Background: A chronic osseous Bankart lesion has traditionally been
treated with soft-tissue repair and/or open bone-grafting for a large glenoid
defect. We developed an arthroscopic method of osseous reconstruction of the
glenoid without bone-grafting. The purpose of this study was to evaluate the
postoperative outcomes of our technique for chronic recurrent traumatic
anterior glenohumeral instability.
Methods: A consecutive series of forty-two shoulders in forty-one
patients with chronic recurrent traumatic glenohumeral instability underwent
an arthroscopic osseous Bankart repair. All shoulders were evaluated
preoperatively with three-dimensionally reconstructed computed tomography,
which confirmed an osseous fragment at the anteroinferior portion of the
glenoid. The average bone loss in the glenoid was 24.8% (range, 11.4% to
38.6%), and the average fragment size was 9.2% (range, 2.1% to 20.9%) of the
glenoid fossa. In all shoulders, a displaced osseous fragment, firmly attached
to the labroligamentous complex, was separated from the glenoid neck before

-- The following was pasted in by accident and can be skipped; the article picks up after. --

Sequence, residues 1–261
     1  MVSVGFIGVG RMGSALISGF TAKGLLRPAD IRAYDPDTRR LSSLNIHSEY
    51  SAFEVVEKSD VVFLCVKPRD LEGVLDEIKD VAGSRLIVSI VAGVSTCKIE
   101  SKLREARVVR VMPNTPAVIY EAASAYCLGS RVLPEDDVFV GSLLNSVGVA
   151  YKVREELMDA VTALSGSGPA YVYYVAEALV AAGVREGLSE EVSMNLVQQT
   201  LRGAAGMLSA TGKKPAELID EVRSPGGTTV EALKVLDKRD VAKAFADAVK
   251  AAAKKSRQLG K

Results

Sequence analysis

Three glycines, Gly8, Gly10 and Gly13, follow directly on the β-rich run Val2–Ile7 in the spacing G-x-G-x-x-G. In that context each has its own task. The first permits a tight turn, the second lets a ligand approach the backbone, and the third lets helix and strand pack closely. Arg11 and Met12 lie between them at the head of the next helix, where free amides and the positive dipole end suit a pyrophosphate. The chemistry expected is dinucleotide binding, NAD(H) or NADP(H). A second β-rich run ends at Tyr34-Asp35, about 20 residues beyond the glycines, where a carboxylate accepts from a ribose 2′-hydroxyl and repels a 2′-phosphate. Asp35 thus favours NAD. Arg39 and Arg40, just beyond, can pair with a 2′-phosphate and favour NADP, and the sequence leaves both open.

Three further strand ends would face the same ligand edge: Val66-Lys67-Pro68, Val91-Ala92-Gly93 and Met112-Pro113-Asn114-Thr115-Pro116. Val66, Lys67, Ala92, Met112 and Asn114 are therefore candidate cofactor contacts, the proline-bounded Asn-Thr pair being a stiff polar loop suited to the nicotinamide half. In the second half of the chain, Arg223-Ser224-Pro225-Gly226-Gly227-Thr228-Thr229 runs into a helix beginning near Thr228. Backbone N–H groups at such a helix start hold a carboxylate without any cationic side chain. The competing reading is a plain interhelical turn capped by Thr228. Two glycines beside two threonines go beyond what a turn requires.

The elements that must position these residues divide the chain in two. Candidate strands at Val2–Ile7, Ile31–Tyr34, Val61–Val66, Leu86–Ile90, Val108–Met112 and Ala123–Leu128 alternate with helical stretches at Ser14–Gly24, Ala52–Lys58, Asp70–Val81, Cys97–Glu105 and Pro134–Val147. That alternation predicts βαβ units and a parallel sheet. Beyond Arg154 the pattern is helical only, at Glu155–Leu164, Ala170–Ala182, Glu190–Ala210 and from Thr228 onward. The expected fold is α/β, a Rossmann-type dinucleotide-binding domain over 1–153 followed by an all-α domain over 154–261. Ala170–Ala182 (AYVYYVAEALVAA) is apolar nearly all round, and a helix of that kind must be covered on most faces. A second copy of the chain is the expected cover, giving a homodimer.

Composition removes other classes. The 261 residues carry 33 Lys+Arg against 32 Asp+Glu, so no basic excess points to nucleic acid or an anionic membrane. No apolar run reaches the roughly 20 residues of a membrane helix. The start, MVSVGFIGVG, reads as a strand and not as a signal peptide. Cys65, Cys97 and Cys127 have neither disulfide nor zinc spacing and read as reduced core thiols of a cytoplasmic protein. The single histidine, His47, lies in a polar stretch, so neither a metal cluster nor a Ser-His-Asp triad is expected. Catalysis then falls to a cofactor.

reduction and fixation in the optimal position with use of suture anchors. All
patients were assessed with use of the scoring systems of Rowe et al. and the
University of California at Los Angeles preoperatively and at the final
Results: The mean duration of follow-up was thirty-four months. At
that time, thirty-nine of the forty-two shoulders were rated as having a good
or excellent result. The mean Rowe score improved from 33.6 points
preoperatively to 94.3 points postoperatively (p < 0.01). The mean score on
the University of California at Los Angeles system improved from 20.5 points
preoperatively to 33.6 points at the final evaluation (p < 0.01). The
average passive external rotation was 75° with the arm at the side and
93° with the arm at 90° of abduction. Two patients had a reinjury.
Eventually, thirty-five of thirty-seven patients who were active participants
in sports returned to the sport they had played before the injury.
Conclusions: Arthroscopic osseous Bankart repair with use of suture
anchors yields a successful outcome even in shoulders with a chronic large
Level of Evidence: Therapeutic Level IV. See Instructions
to Authors for a complete description of levels of evidence.